1
$\begingroup$

I'm solving a homework question that asks me to do the following:

"List the five upper Jordan canonical forms for a $4\times 4$ matrix $A$ with a real eigenvalue $\lambda$ of multiplicity $4$ and give the corresponding deficiency indices in each case."

I can't seem to understand what they mean by "$5$ upper Jordan canonical forms"? Isn't the answer unique and straightforward with the canonical form:

$$ J_= \left[ {\begin{array}{cccc} \lambda & 1 & 0 & 0 \\ 0 & \lambda & 1 & 0 \\ 0 & 0 &\lambda & 1 \\ 0 & 0 & 0 & \lambda \end{array} } \right] $$

And what do they mean by deficiency indices? Are those the "$1$'s" that appear on top of each $\lambda$?

$\endgroup$
3
$\begingroup$

The other four Jordan canonical forms are $$ \begin{bmatrix} \lambda & 0 & 0 & 0 \\ 0 & \lambda & 0 & 0 \\ 0 & 0 & \lambda & 0 \\ 0 & 0 & 0 & \lambda \end{bmatrix} \quad \begin{bmatrix} \lambda & 1 & 0 & 0 \\ 0 & \lambda & 0 & 0 \\ 0 & 0 & \lambda & 0 \\ 0 & 0 & 0 & \lambda \end{bmatrix} \quad \begin{bmatrix} \lambda & 1 & 0 & 0 \\ 0 & \lambda & 1 & 0 \\ 0 & 0 & \lambda & 0 \\ 0 & 0 & 0 & \lambda \end{bmatrix} \quad \begin{bmatrix} \lambda & 1 & 0 & 0 \\ 0 & \lambda & 0 & 0 \\ 0 & 0 & \lambda & 1 \\ 0 & 0 & 0 & \lambda \end{bmatrix} $$ The deficiency indices of a matrix $A\in\mathcal{M}_{n\times n}(\mathbb{C})$ are the numbers $$ n_{\pm}(A)=\dim\ker(A^*\mp i\cdot I_n) $$ Since $\lambda$ is assumed to be real, computing these numbers should be straight forward.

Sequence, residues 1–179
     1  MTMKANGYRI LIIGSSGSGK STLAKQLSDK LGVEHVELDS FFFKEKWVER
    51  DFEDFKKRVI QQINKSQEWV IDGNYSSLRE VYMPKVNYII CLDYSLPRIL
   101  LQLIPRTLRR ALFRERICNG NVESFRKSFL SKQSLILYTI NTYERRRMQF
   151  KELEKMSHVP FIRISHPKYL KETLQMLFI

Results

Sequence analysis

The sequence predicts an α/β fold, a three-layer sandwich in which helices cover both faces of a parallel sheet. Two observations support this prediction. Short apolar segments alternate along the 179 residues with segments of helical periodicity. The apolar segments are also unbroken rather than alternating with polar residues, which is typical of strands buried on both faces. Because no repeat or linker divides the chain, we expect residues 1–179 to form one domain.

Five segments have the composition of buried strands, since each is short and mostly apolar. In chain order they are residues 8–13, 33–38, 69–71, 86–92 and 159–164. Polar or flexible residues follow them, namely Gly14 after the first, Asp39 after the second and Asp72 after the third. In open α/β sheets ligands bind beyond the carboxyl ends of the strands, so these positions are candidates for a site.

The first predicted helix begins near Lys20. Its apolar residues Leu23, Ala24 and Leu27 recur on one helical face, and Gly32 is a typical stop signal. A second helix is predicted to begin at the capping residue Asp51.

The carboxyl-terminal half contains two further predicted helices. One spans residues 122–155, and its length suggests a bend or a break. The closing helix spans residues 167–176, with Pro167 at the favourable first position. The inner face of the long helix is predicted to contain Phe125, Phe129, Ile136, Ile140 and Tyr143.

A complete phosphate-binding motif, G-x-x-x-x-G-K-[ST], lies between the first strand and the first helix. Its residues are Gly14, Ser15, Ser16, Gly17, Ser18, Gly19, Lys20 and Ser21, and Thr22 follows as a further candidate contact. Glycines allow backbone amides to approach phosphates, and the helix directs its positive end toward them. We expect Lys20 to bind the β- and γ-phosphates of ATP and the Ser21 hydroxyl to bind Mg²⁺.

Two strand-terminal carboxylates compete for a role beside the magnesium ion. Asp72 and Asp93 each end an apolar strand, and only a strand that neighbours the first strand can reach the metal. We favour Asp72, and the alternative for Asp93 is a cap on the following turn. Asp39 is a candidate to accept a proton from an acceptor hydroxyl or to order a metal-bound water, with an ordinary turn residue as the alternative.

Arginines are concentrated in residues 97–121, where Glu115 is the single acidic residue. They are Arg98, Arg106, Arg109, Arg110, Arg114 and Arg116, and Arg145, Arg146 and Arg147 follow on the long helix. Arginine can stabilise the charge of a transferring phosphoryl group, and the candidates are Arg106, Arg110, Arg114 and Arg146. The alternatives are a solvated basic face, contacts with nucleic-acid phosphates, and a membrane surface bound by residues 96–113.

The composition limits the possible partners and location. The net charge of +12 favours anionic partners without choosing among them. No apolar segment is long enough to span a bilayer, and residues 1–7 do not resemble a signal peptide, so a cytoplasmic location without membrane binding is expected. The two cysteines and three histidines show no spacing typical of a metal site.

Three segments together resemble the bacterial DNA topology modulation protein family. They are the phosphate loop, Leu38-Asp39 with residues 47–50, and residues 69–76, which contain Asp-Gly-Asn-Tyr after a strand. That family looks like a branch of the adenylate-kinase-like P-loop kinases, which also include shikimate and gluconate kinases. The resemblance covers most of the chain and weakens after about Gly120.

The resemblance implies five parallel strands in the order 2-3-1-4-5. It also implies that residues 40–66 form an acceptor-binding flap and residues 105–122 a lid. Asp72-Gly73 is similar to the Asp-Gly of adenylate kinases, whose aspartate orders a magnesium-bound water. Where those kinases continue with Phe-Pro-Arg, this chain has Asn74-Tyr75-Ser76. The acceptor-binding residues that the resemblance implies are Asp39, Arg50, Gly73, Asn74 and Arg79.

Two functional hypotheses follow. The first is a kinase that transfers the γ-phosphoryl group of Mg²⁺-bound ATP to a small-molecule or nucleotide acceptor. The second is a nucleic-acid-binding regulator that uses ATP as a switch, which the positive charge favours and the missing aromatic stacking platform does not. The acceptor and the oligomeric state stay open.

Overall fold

$\endgroup$
  • $\begingroup$ Do you know why for a $2x2$ matrix there are only 2 deficiency indices, for a $3x3$ matrix there are only 3 deficiency indices, yet for a $4x4$ there are 5? Perhaps the formula above holds the answer? $\endgroup$ – Arturo Feb 7 '14 at 7:31
  • $\begingroup$ There are always only two deficiency indices. $\endgroup$ – Brian Fitzpatrick Feb 7 '14 at 7:32
  • $\begingroup$ Why can't $ J_= \left[ {\begin{array}{cccc} \lambda & 0 & 0 & 0 \\ 0 & \lambda & 1 & 0 \\ 0 & 0 &\lambda & 1 \\ 0 & 0 & 0 & \lambda \end{array} } \right] $ be a Jordan canonical form? $\endgroup$ – Arturo Feb 7 '14 at 8:24
  • 1
    $\begingroup$ It can be but it's the same as the third matrix I've listed up to reordering of Jordan blocks. $\endgroup$ – Brian Fitzpatrick Feb 7 '14 at 8:27
  • $\begingroup$ Oh ok, this makes sense, I can now see why $ J_= \left[ {\begin{array}{cccc} \lambda & 0 & 0 & 0 \\ 0 & \lambda & 0 & 0 \\ 0 & 0 &\lambda & 1 \\ 0 & 0 & 0 & \lambda \end{array} } \right] $ wouldn't produce an extra form since it is also a reordering of Jordan blocks in the second matrix! $\endgroup$ – Arturo Feb 7 '14 at 8:30

Your Answer

By clicking “Post Your Answer”, you agree to our terms of service, privacy policy and cookie policy

Not the answer you're looking for? Browse other questions tagged or ask your own question.